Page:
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Etiquette Guide to Japan Paperback – 15 Dec 2008

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Product details

  • Paperback: 128 pages
  • Publisher: Tuttle Shokai Inc; Rev. Ed edition (15 Dec. 2008)
  • Language: English
  • ISBN-10: 480530961X
  • ISBN-13: 978-4805309612
  • Product Dimensions: 13.3 x 1.3 x 20.3 cm
  • Amazon Bestsellers Rank: 787,845 in Books (See Top 100 in Books)

More About the Author

Boyé Lafayette De Mente has been involved with Japan, China, Korea and Mexico since the late 1940s as a member of a U.S. intelligence agency, student, journalist, editor and author working out of Tokyo, Seoul, Hong Kong, Singapore and Mexico City. He is a graduate of Jochi University in Tokyo, and The American Institute for Foreign Trade (in 1953), now Thunderbird School of Global Management, in Glendale, Arizona, USA.

De Mente wrote the first ever books on the Japanese way of doing business (Japanese Etiquette and Ethics in Business in 1959 and How to Do Business in Japan in 1962), and was the first to introduce the now commonly used Japanese terms wa, nemawashi, kaizen, tatemae-honne, shibui, sabi and wabi to the outside business world!

His 70-plus other books run the gamut from language learning to the night-time "pink" trades in Japan, the sensual nature of Oriental cultures, male-female relations, and understanding and coping with the Chinese, Japanese, Korean and Mexican mindset in business and social situations.He has also written extensively about his home state of Arizona and Mexico.

De Mente's printed and ebook titles [all available from] include:
* AMERICA'S FAMOUS HOPI INDIANS:Their Spiritual Way of Life and Incredible Prophecies!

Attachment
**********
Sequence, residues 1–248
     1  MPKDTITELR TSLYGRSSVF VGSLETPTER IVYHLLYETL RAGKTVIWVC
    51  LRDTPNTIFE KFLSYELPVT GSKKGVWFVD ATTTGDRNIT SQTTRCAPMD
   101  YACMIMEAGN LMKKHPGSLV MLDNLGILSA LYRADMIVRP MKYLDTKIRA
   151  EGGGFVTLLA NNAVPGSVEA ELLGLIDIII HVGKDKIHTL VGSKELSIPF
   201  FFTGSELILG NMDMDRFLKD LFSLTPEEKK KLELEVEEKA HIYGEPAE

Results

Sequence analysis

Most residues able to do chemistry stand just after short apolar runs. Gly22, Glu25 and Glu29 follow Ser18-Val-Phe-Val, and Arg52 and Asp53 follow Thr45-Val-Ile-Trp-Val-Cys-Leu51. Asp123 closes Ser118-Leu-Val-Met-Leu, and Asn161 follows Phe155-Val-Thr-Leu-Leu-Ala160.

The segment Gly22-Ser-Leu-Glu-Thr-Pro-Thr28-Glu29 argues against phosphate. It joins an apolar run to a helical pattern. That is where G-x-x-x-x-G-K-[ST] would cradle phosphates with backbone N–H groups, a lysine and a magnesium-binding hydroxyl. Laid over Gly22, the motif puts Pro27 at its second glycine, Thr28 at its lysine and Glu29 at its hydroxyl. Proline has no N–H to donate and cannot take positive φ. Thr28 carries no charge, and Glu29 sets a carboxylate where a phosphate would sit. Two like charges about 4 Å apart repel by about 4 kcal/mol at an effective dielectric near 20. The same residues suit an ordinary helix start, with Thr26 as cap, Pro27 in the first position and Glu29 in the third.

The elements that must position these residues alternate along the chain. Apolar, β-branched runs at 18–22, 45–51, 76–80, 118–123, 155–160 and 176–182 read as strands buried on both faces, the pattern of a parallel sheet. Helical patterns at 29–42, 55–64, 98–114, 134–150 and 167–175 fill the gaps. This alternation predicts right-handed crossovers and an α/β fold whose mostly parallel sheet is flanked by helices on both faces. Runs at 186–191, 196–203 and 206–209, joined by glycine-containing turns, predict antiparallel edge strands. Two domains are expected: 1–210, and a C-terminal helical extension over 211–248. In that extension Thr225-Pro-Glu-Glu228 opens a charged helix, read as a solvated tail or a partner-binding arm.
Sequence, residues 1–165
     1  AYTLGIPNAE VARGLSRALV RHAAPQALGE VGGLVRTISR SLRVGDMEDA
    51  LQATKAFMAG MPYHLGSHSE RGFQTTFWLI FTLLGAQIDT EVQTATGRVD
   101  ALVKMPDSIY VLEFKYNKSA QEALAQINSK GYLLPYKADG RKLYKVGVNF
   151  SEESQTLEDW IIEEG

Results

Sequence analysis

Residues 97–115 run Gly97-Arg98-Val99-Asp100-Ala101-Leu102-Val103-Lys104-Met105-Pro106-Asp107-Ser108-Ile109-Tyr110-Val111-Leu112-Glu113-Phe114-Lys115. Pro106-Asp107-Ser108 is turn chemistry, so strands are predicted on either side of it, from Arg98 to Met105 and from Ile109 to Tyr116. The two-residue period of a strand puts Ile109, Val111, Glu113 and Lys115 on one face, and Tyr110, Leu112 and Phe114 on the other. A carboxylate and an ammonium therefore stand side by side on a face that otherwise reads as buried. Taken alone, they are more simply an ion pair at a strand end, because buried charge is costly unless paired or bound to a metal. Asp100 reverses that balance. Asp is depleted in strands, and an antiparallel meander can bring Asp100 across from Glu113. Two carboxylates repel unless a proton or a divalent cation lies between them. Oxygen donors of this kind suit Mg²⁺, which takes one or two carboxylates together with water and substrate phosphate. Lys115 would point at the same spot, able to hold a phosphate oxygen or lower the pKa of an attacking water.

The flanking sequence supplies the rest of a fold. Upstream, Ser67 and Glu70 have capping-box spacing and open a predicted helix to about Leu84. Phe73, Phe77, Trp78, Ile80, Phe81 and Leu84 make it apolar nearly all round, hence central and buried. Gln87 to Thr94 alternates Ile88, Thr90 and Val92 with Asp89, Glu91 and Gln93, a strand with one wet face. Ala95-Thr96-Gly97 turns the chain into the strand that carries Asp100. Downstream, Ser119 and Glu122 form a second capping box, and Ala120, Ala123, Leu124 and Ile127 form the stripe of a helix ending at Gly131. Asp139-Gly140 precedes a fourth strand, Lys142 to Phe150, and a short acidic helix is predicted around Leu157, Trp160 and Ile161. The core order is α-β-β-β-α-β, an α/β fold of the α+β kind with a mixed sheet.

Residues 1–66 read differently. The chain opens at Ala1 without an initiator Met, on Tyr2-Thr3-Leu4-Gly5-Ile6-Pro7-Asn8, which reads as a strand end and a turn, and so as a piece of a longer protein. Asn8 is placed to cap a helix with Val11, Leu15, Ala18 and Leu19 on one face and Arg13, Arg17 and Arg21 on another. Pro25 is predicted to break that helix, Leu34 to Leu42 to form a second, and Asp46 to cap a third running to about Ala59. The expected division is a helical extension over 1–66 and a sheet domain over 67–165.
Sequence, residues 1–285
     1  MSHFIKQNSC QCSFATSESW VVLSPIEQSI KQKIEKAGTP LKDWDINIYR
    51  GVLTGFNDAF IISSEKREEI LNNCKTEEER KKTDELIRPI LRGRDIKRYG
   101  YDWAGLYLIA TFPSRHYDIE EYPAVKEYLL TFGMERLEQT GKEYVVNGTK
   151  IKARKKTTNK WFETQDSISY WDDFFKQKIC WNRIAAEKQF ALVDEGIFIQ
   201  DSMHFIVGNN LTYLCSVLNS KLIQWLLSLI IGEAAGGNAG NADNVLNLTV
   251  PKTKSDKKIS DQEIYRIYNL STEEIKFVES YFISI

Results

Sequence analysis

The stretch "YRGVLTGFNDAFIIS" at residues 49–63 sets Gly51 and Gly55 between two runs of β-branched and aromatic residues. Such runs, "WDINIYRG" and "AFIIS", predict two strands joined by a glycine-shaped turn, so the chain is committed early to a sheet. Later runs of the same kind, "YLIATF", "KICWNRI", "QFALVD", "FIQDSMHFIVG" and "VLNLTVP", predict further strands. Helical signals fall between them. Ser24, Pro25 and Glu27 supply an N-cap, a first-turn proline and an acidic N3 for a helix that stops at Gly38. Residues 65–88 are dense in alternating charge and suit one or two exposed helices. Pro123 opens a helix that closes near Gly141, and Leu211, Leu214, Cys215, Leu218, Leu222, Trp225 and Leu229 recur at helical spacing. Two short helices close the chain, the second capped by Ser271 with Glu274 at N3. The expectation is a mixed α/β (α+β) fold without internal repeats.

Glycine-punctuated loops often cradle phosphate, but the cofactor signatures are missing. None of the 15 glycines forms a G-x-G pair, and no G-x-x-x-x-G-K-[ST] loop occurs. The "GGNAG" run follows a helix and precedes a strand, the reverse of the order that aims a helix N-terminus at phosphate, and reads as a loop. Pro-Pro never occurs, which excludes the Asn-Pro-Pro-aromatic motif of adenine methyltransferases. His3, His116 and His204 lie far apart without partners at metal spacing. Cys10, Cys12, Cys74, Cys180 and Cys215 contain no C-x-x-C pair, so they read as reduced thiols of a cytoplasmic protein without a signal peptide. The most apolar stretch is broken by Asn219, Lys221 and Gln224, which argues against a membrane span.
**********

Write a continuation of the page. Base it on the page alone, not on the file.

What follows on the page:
*SPEAK JAPANESE TODAY: A Little Language Goes a Long Way! (a home-course in Japanese)
* ARIZONA'S LORDS OF THE LAND: The History, Traditional Customs and Wisdom of the Navajos
*THE GRAND CANYON ANSWER BOOK: Everything You Might Want to Know and Then Some!
*AMAZING ARIZONA: Fascinating Facts, Legends and Tall Tales
*SAMURAI PRINCIPLES AND PRACTICES That Will Help Preteens & Teens in School, Sports, Social Activities & Choosing Careers
*WHICH SIDE OF YOUR BRAIN AM I TALKING TO?: The Advantages of Using Both Sides of Your Brain
* MISTRESS-KEEPING IN JAPAN:The Pitfalls and the Pleasures
*EROS' REVENGE: Brave New World of American Sex!

Product Description


Farewell to faux pas! Minding your manners is an acquired skill, but what carries you well elsewhere could trip you up in Japan. Save yourself possible embarrassment with the "Etiquette Guide to Japan". An inside look at Japanese social graces - "Etiquette Guide to Japan" answers all the questions of the courteous traveler.

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Front Cover | Copyright | Table of Contents | Excerpt | Index | Back Cover
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Most Helpful Customer Reviews on (beta) 32 reviews
60 of 63 people found the following review helpful
Better work on your bow! 23 Aug. 2007
By Michael K. Smith - Published on
Format: Paperback